Barrister in ‘No Duty to Child’ Shock

One of the first things we are taught in bar school is that our job is to ‘promote and protect fearlessly and by all proper and lawful means the lay client’s best interests and do so without regard to his own interests or to any consequences to himself or to any other person’ (pa 303). Hand in hand with that duty goes the overriding duty to assist the court and not to mislead it either knowingly or recklessly (pa 302).


But how does that duty to fearlessly defend the client and her interests operate in cases involving children? I have often had it suggested to me that my primary duty is to the child(ren) in a case, but in fact that is not strictly correct. So what is the position?


Paragraph 302 and 303 of the code of conduct continue to apply and to govern what we do when representing a party (whether that be a parent, a spouse, a child, a local authority or another relative). In addition to the duties mentioned above those paragraphs also state that:

  • as between professional and lay client (solicitor and ‘punter’ if you like) the primary duty is to the lay client (‘punter’), and
  • that in publically funded cases there is also a duty to the Legal Services Commission (which is essentially to inform the LSC if a client for reasons of merit or means is no longer entitled to the benefit of public funding. You can read those parts of the code of conduct in full here.


Although the Children Act 1989 governs much of what the family courts do each day – in particular the principle enshrined in s1 of that act that the welfare of the child is paramount – it is important to remember that it is judges not barristers that are bound by the Children Act – our behaviour is regulated by an ethical code, it is our advice to a client that is circumscribed by the law.


There are other pieces of guidance which apply specifically to family work: for example the guidance note: Disclosure of Unhelpful Material Disclosed to Counsel in Family Proceedings which can be found here or the guidance note on Illegally Obtained Evidence in Civil and Family Proceedings which can be found here.  The most important principle which can be drawn from the former is that there is a duty of full and frank disclosure upon the parties and their legal representatives in all matters involving children, as of course is also the case in relation to ancillary relief matters. As rightly identified in that guidance note there is a general ‘practice in which all matters concerning issues in family law cases are routinely disclosed, the client being advised that there is no possibility of preventing disclosure even of matters which would seriously undermine the case’. The only exception in relation to that is where legal professional privelege applies (broadly communications between lawyer and client).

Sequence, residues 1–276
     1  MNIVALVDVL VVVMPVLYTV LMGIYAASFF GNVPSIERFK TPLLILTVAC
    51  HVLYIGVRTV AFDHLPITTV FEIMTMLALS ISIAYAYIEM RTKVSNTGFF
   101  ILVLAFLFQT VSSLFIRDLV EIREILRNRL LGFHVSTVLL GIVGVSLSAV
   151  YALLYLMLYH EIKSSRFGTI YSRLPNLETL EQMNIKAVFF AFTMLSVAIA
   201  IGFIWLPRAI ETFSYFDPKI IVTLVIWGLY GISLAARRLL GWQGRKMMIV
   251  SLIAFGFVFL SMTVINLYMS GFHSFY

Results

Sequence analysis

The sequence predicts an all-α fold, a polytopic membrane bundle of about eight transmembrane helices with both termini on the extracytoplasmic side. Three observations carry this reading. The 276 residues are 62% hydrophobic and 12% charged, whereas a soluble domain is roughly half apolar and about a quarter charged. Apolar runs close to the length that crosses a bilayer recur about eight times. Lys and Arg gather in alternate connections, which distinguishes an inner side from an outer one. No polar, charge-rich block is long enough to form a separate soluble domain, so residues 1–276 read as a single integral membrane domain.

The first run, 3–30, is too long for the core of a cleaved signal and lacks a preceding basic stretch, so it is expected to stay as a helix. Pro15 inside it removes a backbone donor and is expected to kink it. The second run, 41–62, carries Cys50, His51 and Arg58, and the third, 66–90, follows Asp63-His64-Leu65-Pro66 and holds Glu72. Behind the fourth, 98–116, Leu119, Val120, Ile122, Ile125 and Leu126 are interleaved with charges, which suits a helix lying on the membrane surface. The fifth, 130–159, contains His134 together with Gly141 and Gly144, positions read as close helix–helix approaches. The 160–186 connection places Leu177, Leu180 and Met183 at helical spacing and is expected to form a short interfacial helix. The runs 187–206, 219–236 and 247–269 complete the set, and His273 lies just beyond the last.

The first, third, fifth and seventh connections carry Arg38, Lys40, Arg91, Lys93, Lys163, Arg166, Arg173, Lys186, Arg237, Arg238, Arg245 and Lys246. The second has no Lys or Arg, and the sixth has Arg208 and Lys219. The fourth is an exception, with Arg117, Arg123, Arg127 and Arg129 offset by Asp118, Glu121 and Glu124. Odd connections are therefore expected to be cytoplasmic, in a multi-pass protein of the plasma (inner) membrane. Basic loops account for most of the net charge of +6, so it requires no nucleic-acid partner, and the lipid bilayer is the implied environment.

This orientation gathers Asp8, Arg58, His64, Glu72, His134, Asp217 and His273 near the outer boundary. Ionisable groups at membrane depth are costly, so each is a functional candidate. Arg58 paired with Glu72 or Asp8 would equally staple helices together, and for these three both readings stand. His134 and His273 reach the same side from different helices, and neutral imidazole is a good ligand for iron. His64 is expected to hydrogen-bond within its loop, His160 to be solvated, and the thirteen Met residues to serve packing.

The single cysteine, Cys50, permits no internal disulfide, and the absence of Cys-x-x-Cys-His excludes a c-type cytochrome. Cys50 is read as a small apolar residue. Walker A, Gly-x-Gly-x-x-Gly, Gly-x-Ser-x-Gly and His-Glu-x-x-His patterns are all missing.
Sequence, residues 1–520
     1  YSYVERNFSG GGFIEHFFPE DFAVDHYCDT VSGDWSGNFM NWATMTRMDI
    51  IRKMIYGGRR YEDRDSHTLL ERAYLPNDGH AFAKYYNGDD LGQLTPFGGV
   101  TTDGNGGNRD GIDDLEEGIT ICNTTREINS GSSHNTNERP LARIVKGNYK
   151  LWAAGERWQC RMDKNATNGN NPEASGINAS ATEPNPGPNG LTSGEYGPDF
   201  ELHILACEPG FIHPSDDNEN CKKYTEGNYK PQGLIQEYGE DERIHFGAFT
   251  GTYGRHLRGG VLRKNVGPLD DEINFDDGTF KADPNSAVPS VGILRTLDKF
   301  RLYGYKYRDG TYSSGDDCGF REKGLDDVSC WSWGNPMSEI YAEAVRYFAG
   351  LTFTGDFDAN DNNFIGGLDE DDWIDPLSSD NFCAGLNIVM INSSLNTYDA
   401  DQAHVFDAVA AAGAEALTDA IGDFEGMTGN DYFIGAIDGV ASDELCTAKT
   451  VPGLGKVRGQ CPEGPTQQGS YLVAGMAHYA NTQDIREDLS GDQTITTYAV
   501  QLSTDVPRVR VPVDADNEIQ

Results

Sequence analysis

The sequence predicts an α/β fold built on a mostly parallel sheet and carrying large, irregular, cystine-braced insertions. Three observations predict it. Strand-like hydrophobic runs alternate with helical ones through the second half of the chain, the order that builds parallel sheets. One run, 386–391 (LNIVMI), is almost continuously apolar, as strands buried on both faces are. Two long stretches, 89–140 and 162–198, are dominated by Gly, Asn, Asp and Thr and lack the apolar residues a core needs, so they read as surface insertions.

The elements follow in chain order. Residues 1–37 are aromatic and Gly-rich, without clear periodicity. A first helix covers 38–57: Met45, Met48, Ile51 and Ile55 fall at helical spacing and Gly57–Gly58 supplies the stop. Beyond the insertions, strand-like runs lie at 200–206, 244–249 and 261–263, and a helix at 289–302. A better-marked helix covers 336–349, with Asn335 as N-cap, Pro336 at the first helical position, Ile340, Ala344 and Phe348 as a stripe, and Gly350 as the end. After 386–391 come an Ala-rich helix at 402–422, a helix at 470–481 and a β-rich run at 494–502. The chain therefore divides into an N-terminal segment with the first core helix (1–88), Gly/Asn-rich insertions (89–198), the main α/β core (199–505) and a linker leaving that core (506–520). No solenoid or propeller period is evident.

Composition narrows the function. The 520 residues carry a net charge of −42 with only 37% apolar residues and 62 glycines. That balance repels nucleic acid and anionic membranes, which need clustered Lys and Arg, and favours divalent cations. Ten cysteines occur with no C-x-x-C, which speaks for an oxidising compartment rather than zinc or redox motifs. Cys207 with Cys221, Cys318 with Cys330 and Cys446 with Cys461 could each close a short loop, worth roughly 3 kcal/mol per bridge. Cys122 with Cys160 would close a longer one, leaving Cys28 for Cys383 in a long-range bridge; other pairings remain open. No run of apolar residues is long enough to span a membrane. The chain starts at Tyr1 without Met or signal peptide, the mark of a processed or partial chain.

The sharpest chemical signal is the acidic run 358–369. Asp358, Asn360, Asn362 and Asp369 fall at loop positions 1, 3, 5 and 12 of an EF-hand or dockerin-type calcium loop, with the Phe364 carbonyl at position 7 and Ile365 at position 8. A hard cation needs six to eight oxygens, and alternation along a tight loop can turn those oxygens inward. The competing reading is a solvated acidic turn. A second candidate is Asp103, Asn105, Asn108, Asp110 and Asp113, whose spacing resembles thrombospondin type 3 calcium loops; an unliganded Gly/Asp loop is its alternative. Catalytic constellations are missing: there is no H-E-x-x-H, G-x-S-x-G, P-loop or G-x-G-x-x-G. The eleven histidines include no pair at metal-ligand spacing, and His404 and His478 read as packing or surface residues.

Plainly the enhanced duties of disclosure which have emerged in family law arise in the main from the need to ensure the court is in a position to properly assess and ensure the welfare of the children affected by his decision, regardless of the position adopted by the respective parties. Counsel must continue to fearlessly defend his client and set forth his position but she must do it on the basis of full and frank disclosure. The rule is so important that if a client refuses to give consent for the disclosure of relevant material counsel must withdraw and cannot continue to act, not because of any duty to the child, but because it would be a breach of the duty owed to the court.


Of course on a practical level one is usually working towards the welfare of the children – whatever my client’s instructions are they are almost always given with the genuine belief that they are in the best interests of the children. The reason we are at court in most cases is precisely because the parties differ frequently and significantly about what is and is not in the best interests of the children – there is a common purpose if not agreement about how to achieve that purpose. Even on days when it does not feel as if we are working towards the welfare of a child because the position I am being instructed to take on behalf of a client is so wrongheaded, it is my job along with my opponent to put forward the opposing viewpoints so that the judge can make a good decision.


So both in terms of gently suggesting to a client why it is that the position she is putting forward might not be the best solution for the child (have you thought about this…do you think Billy might find it easier if such and such happened instead?), or in terms of trying to explain to a litigant in person or an opposing lawyer why the position we are putting forwards is welfare driven (no, its not because she wants to inconvenience you for the sake of it, its because a six hour car journey for a child is a bit much all in one day), we are – indirectly – promoting the welfare of the child.


Again, in terms of advising the client of the prospects of success and trying to promote an agreed outcome and reduce conflict we are indirectly promoting the welfare of the child. When we deal with directions and case management so that a case can proceed smoothly and swiftly to a conclusion with the right evidence and without unecessary delay we are indirectly promoting the welfare of the child.


And in terms of setting out clearly and articulately for the judge what the options are and why one may be better than another – ensuring that both parents are equally able to explain their concerns and their wishes, we are indirectly promoting the welfare of the child.